Media Release, August 4, 2016: An unprecedented alliance of civil society groups from Australia, New Zealand, ASEAN countries, India, Japan and South Korea, today issued a call to Trade Ministers meeting in Laos to discuss the mega trade agreement involving 16 countries, known as the Regional Comprehensive Economic Partnership (RCEP).
Regional Comprehensive Economic Partnership (RCEP)
15 June 2016: As negotiators meet in New Zealand this week for Regional Comprehensive Economic Partnership (RCEP) negotiations, Doctors Without Borders (MSF) says the agreement threatens access to affordable medicines for half the world’s population and appeals for the removal of harmful intellectual property provisions that could potentially raise treatment costs by creating new forms of monopolies and delaying the entry of affordable generics in the market.
June 7: The ALP trade policy released today shows the influence of community campaigning. It includes the release of draft texts during negotiations and tabling text of proposed agreements in Parliament before signing.ISDS provisions would be excluded from future agreements and be reviewed in existing agreements. Labour market testing would be reintroduced for temporary skilled workers. AFTINET will publish an evaluation of all major parties' trade policies soon.
21 May 2016
Kyla Tienhaara (ANU) and Belinda Townsend (Deakin University) write that it is India, rather than China, that has been the most outspoken in opposing US-style trade rules in the RCEP.
30 April 2016
Trade experts including AFTINET’s Convener Dr Patricia Ranald, the Public Health Association’s Dr Belinda Townsend and Dr Kyla Tienhaara from the ANU travelled to Perth to attend Regional Comprehensive Economic Partnership (RCEP) stakeholder consultations.
At a lively public forum attended by around 50 people, they warned of the dangers in the RCEP deal, which includes the 10 ASEAN countries plus Australia, New Zealand, China, Japan, India and South Korea.
27 April 2016
A draft Regional Comprehensive Economic Partnership (RCEP) Intellectual Property chapter was leaked online last week and it raises concerns about access for medicines, especially in low and middle income countries.
The twelfth round of negotiations towards the agreement are currently taking place in Perth.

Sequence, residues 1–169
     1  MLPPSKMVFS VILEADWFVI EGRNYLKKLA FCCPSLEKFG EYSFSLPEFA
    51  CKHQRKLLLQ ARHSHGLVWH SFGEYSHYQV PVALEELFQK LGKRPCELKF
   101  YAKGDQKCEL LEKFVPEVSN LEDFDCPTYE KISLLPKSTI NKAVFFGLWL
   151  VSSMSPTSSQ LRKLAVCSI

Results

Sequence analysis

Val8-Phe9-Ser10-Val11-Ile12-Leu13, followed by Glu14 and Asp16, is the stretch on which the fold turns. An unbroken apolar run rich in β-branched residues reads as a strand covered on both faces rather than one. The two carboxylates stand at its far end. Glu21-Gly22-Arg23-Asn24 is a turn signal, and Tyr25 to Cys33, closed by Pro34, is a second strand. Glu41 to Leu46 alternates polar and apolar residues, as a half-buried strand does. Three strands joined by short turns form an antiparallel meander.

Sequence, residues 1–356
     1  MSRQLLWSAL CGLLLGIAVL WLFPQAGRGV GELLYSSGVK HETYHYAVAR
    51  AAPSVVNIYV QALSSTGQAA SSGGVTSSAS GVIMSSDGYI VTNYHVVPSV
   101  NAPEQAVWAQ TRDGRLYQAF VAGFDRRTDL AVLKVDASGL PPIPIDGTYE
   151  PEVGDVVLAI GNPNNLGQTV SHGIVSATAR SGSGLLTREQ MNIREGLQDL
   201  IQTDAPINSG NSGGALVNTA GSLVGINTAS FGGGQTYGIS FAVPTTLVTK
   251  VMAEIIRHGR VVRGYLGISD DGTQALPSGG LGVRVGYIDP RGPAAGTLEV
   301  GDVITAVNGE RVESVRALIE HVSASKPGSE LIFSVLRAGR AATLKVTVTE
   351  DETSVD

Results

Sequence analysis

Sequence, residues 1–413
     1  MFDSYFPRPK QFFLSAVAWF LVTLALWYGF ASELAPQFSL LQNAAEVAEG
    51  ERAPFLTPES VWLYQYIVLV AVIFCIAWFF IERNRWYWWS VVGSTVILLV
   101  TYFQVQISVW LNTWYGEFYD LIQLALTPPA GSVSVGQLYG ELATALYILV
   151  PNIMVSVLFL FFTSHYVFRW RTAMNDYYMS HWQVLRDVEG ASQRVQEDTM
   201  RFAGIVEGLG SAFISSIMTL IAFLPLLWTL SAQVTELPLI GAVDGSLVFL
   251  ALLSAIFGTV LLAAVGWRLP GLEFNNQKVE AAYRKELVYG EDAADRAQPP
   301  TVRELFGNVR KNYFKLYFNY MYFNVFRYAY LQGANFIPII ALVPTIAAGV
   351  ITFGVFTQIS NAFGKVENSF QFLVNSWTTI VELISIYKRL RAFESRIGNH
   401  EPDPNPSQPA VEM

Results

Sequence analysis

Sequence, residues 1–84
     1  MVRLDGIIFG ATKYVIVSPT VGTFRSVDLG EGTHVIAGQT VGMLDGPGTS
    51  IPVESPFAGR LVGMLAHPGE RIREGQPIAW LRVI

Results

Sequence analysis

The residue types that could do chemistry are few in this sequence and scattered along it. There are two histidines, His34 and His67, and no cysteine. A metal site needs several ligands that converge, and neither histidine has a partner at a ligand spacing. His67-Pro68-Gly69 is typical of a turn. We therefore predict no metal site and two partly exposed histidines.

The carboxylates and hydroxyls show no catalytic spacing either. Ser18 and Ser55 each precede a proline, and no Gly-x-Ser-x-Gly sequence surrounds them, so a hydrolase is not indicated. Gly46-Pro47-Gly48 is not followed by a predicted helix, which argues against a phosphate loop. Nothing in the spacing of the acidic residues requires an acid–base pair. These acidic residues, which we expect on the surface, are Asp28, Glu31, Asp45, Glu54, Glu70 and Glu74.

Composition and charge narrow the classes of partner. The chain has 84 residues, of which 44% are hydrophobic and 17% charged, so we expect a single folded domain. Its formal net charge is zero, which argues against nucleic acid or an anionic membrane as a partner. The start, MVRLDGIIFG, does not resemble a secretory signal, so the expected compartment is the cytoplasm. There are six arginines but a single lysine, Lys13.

Dr Belinda Townsend from the Public Health Association of Australia has published a blog on the leaked chapter and its implications for access to medicines, which you can read here.
18 April 2016
The TPP has been finalised and the text has finally been exposed, but two other giant trade deals are still being negotiated behind closed doors: the ASEAN-centred ‘ (RCEP) and the Trade In Services Agreement (TISA) which mainly brings together the EU and industrialised countries.
Read more for a brief summary of where they are up to...
The massive US-led Trans-Pacific Partnership (TPP) trade deal and the ASEAN-centred ‘Regional Comprehensive Economic Partnership’ (RCEP) will together create a new trade “architecture” in the Pacific. But who will benefit from the new rules?
12 February 2016
When Trade Minister Andrew Robb signed the TPP he told the Fairfax press that he was now setting his sights on the Regional Comprehensive Economic Partnership (RCEP). The two deals combined would create “a vast trade agreement architecture” for the world, he said.
September 2015: RCEP negotiations between Australia, New Zealand, China, Japan, South Korea, India and 10 ASEAN countries are now considering proposals for stronger monopolies on medicines and for foreign investor rights to sue governments over changes to domestic legislation, and aiming to finish the negotiations in 2016, AFTINET has done a second submission which addresses these issues in more detail.